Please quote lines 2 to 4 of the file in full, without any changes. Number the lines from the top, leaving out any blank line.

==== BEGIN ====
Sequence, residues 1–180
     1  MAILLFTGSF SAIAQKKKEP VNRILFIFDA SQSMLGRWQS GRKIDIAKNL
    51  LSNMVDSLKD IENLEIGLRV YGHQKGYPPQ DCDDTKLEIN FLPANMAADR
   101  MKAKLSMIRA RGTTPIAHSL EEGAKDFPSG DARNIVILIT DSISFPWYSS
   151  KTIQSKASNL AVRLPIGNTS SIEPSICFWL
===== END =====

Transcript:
     1  MAILLFTGSF SAIAQKKKEP VNRILFIFDA SQSMLGRWQS GRKIDIAKNL
    51  LSNMVDSLKD IENLEIGLRV YGHQKGYPPQ DCDDTKLEIN FLPANMAADR
   101  MKAKLSMIRA RGTTPIAHSL EEGAKDFPSG DARNIVILIT DSISFPWYSS